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DELEGATES at GMB congress voted to continue the union’s support for “safe and respectful” fracking yesterday.
A mix of “nuclear, gas, solar, wind and any other economically viable renewable options that come along” would be required before renewable sources could fully power British homes and infrastructure, a statement endorsed by the conference read.
It said shale gas production, known as fracking, “should be permitted” and that the union should work to organise workers in the sector.
GMB Scotland secretary Gary Smith said: “The first priority of any credible union should be the defence of its members’ interests and the communities where they live and work.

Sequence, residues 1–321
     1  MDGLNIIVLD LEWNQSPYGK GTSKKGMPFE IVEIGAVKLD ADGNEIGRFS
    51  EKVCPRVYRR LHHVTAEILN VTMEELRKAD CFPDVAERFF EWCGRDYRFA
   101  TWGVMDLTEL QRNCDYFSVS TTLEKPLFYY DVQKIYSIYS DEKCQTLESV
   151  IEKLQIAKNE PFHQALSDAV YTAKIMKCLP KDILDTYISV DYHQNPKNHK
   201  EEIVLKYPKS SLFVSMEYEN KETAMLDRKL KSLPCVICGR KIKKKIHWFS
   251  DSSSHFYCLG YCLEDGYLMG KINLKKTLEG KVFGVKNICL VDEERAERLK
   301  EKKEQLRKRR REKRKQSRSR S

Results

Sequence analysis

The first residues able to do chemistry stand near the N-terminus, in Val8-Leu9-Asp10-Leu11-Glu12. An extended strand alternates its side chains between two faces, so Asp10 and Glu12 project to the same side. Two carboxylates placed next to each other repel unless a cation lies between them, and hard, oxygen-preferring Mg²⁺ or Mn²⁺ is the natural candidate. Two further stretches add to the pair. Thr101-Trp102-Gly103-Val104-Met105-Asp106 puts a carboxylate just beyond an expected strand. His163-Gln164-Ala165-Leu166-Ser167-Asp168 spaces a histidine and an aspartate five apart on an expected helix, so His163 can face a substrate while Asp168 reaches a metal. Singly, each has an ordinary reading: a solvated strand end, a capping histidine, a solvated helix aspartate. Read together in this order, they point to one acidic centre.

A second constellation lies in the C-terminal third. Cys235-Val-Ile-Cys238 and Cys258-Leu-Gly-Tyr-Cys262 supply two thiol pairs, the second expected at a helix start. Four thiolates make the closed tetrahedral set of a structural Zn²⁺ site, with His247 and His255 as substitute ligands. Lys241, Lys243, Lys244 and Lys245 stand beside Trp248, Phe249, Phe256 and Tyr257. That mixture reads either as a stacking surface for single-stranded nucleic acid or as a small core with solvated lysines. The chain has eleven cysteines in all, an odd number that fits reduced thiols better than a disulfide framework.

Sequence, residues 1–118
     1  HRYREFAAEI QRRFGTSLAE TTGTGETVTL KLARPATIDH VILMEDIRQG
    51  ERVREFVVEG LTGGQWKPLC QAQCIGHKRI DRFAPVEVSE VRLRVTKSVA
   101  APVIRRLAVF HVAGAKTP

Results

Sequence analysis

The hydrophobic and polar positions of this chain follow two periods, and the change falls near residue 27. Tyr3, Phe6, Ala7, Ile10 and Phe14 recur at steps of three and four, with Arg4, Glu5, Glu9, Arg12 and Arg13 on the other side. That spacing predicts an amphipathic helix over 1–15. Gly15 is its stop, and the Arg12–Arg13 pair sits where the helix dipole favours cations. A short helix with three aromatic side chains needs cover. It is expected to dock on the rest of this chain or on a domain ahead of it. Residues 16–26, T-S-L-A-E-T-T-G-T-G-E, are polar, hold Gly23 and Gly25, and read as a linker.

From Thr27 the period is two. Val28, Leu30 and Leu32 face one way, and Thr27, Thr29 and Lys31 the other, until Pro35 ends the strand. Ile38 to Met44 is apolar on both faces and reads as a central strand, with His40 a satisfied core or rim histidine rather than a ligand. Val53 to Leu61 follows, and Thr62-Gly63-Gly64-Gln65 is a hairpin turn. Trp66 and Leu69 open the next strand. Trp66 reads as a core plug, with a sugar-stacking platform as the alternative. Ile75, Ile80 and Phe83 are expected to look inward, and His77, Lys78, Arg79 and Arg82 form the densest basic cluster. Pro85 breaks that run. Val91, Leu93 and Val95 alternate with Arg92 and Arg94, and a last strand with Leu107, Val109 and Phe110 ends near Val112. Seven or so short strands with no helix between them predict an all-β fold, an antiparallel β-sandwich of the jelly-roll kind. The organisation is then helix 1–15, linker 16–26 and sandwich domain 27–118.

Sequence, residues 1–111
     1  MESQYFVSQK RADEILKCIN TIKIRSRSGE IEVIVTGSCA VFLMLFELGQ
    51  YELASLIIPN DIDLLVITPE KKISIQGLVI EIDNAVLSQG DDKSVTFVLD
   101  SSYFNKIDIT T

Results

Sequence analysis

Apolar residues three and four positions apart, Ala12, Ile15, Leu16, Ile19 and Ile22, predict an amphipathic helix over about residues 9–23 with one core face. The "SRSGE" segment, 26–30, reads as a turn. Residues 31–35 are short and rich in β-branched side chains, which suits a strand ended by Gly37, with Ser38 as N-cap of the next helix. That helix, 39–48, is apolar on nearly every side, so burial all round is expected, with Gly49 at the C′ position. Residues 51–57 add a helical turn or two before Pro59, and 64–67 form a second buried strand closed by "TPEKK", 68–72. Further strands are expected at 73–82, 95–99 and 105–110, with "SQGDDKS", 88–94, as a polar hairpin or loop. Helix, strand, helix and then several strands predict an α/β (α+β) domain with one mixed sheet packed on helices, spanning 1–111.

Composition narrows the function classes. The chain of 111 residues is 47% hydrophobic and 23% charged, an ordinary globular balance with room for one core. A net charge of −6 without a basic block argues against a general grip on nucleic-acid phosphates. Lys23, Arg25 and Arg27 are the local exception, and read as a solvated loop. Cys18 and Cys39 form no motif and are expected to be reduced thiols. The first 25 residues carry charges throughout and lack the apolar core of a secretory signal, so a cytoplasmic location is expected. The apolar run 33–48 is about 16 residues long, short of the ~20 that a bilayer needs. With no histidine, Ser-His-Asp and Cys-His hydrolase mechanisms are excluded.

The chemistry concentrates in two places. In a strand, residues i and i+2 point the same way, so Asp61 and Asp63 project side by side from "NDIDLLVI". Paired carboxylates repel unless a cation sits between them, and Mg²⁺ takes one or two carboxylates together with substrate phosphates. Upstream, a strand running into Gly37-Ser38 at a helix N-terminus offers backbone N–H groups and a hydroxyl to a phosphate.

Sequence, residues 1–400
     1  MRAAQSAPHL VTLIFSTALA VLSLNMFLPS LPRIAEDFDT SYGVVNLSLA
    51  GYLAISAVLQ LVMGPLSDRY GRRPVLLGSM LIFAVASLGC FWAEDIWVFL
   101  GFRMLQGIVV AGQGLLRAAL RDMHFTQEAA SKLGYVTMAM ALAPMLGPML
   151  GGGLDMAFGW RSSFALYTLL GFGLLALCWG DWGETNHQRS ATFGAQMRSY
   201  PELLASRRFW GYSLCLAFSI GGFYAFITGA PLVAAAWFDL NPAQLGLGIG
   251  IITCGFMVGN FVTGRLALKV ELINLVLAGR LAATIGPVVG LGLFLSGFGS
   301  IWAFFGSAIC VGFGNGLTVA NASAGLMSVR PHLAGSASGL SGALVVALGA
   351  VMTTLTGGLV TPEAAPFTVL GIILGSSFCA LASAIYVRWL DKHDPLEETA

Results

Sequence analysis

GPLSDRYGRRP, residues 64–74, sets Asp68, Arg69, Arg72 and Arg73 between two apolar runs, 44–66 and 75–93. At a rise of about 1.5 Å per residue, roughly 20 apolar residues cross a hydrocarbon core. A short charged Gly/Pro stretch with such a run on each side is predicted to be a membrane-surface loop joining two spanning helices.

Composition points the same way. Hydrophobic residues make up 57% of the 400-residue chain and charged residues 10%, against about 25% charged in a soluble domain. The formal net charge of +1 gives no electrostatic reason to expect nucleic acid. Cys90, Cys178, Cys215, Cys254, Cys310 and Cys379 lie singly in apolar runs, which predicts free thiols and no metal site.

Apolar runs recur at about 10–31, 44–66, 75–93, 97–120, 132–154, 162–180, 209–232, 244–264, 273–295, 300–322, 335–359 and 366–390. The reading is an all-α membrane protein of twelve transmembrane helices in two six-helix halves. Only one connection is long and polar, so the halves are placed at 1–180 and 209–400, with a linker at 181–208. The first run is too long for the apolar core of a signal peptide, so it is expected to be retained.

“No-one in this union does not recognise the importance of tackling climate change … but we cannot do so by turning a blind eye to the economic and employment inequalities that scar this country.”
But north-west and Irish delegate David Flanagan said: “The only people aligned politically to us on this issue are the Tory government and the fracking companies themselves.
“Energy is a serious issue — but so is the future of our own planet and communities.”
A southern region delegate was barred from speaking against the executive statement as his region was mandated to support it.
An anti-fracking motion warning that the union’s stance on the issue was “vastly out of step with public opinion” fell off the agenda when the executive statement passed.
The union’s own research showed solar sources had produced 10 per cent or less of its installed capacity to the electricity grid on 144 days over the past year.
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